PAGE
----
There are a few "categories" of sweet peppers - the familiar bells, the longer, so-called "Italian" or frying types, and the squat pimento types. We love them all, and they can be used interchangeably. Before we changed to peppers growing in pots, we noticed that bells can disappoint in yields when grown in the garden. But moving to pots now makes each sweet type a near guaranteed yield success.
And one more thing - with the exception of just a few extremely rare varieties, green peppers are just unripe peppers - they will all end up at a particular "ripe" color, and that is where the elevated nutrition, sweetness and flavor emerge. We rarely pick peppers that haven't gone to their ripe color, because it just seems pointless (in terms of flavor and quality). Typical ripe colors are yellow, orange, red or chocolate brown. Purple peppers are also unripe varieties that will end up either red, orange or yellow.
The following varieties are going into 5 gallon containers:
Aconcagua - this is a very, very large Italian frying type of pepper that ripens from a lime green to orange red. I first grew this many years ago, having obtained it from Glecklers in the late 1980s.
Corno di Toro and the similar Marconi, Italia and Super Shepherd - these are all wonderful long green Italian frying types of peppers with thick walls, high productivity and great flavor once they go to their final color, which is deep red. Notice a theme here? We love the long fruited Italian types!
Garden Sunshine - this is another old Gleckler variety and produces pale yellow bell peppers that ripen orange to red. It isn't as sweet as some, but is pretty and very productive, and fills in a rather unusual color change for peppers.
Orange Sun and Corona - both of these are blocky green bell peppers, non-hybrid, that ripen deep orange and have a wonderful, sweet flavor. My favorite of this type, Orange Bell, is taking a break from my garden this year.
Purple Beauty - this is another I've grown for years; its big blocky green fruit quickly change to a nearly purple black, then ripen deep red. This is another that isn't at the absolute top in flavor, but is a nice colored variety and I need some fresh seeds.
World Beater - a true oldie from the early 1900s, this is one of the original blocky bell peppers that ripen red. It is one of those that really hasn't been bettered through the many years of hybridization, and is a sentimental favorite to grow.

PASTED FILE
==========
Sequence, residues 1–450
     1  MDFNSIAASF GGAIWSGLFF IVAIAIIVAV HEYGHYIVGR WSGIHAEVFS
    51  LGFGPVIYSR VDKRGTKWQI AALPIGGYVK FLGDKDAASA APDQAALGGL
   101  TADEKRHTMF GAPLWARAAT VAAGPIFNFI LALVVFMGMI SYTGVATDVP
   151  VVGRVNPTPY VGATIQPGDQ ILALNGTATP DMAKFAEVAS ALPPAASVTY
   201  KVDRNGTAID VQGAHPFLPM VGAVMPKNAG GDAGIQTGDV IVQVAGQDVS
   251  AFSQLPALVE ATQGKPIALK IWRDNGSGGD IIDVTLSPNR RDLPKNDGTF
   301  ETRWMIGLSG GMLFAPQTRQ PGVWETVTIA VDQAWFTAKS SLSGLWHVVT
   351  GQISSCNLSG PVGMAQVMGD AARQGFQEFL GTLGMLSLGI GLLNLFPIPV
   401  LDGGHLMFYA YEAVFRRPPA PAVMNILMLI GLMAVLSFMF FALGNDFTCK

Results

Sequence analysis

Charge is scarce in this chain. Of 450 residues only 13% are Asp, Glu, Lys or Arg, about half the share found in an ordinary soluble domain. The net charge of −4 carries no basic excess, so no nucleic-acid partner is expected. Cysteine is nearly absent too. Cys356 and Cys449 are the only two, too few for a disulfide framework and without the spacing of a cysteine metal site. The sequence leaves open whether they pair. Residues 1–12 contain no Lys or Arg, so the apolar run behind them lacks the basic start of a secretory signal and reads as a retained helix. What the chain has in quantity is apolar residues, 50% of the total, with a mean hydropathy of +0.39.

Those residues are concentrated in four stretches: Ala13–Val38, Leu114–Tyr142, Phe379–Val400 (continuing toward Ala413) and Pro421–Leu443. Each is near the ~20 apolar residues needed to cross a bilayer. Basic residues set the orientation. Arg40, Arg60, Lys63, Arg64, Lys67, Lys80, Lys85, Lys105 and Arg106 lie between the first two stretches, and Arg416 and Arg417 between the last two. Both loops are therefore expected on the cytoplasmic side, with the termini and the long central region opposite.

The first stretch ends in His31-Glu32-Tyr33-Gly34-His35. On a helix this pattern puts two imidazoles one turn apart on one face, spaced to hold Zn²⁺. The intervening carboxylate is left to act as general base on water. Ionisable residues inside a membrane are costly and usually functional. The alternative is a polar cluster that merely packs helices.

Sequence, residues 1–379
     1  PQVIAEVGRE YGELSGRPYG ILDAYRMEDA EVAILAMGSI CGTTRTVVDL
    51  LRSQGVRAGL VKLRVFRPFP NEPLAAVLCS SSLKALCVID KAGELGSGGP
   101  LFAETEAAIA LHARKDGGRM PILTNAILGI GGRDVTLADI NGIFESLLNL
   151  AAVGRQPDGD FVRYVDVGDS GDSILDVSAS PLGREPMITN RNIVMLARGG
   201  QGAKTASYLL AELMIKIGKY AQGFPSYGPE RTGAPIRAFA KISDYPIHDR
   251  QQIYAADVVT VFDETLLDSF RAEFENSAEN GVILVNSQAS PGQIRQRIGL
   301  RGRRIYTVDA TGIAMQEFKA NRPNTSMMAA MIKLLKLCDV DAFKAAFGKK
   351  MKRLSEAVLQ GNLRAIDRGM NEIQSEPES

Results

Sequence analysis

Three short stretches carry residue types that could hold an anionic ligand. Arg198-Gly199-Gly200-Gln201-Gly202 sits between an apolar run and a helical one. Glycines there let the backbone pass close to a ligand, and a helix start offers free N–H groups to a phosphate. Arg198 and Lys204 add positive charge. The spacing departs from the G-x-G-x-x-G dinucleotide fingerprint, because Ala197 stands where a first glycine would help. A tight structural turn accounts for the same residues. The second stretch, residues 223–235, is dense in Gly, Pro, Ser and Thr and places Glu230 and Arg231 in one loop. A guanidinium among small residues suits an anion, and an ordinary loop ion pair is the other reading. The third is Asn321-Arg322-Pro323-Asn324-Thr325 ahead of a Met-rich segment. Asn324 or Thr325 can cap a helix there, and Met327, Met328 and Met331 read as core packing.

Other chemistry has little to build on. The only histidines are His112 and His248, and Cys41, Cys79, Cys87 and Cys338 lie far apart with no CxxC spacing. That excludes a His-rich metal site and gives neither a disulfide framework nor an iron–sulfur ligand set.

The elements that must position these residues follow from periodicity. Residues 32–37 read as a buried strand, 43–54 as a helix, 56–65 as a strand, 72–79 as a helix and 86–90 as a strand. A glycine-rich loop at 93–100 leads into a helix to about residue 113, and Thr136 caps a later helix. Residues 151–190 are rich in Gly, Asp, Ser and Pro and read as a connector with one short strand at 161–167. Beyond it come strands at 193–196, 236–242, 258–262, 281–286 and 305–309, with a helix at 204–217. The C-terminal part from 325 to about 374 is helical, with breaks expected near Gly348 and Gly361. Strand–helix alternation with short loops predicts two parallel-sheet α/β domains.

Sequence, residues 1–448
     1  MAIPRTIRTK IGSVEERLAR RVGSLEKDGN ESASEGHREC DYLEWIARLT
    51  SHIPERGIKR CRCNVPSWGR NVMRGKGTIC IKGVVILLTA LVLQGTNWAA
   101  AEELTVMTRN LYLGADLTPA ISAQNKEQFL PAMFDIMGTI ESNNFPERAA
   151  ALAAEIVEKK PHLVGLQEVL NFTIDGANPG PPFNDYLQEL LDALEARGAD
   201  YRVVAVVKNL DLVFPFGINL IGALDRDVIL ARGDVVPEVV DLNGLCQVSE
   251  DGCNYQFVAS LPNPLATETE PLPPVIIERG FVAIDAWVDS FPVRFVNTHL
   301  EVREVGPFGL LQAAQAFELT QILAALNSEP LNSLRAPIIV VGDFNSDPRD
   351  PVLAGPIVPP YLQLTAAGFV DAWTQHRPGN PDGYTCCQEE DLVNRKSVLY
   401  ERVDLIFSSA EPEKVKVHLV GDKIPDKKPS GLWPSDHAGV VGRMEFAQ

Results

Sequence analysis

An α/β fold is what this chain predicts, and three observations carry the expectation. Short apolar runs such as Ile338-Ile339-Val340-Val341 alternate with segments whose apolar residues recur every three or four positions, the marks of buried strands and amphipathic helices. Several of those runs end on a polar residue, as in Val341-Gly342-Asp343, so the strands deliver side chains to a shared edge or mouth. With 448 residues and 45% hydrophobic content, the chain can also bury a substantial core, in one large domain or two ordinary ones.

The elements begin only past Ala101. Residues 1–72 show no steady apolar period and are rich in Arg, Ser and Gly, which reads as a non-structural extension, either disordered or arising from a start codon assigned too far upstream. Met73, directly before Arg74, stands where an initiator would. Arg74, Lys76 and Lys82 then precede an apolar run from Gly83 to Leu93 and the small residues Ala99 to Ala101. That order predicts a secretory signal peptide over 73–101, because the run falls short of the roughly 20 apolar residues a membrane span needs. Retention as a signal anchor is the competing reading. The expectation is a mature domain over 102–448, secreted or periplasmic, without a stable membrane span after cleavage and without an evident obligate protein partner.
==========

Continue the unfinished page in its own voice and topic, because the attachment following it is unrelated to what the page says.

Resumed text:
Then come my project sweet peppers - offspring of hybrids that I've worked with for a few generations to derive new, non-hybrid varieties. These are the most advanced and merit 5 gallon pots:
Chocolate Bell - nice blocky green bell shaped fruit ripen a rich chocolate brown (they don't turn to red, so this is a rather unique color change), and have a good sweet flavor.
The following all originated in a beautiful (and expensive) hybrid called Islander.
Amethyst - selected and named by me, this one is most like the hybrid in color changes, a bell pepper that goes from cream colored to a lovely lavender, ending up at red.
Fire Opal - also selected and named by me, and very unique - it goes from cream, through lavender, but ripens golden yellow - this is the only pepper I know of that has this color shift.
White Gold - another of mine from Islander, and another unique color shifter - blocky to elongated bell peppers go from cream to yellow - and that's it! Very prolific and very sweet when yellow.
Royal Purple - the 4th pepper I selected and named out of Islander, this has a color change similar to Purple Beauty - blocky bells go from pale green to dark purple to deep red.
Candy Corn - the final pepper out of Islander, and the most difficult to stabilize for color. My goal is a cream colored bell pepper that ripens to red orange - so the least flashy, but also quite unusual. Let's see if I've nailed it down this year.
Finally, I am going to grow three different alternate selections of Royal Purple, and one each of Amethyst, White Gold and Fire Opal, in 2 gallon pots just for evaluation - a few fruit and some seeds. All of the Islander project peppers are from saved seed from last year's grow outs.
I will be keeping you all informed of how these various sweet peppers do throughout the season.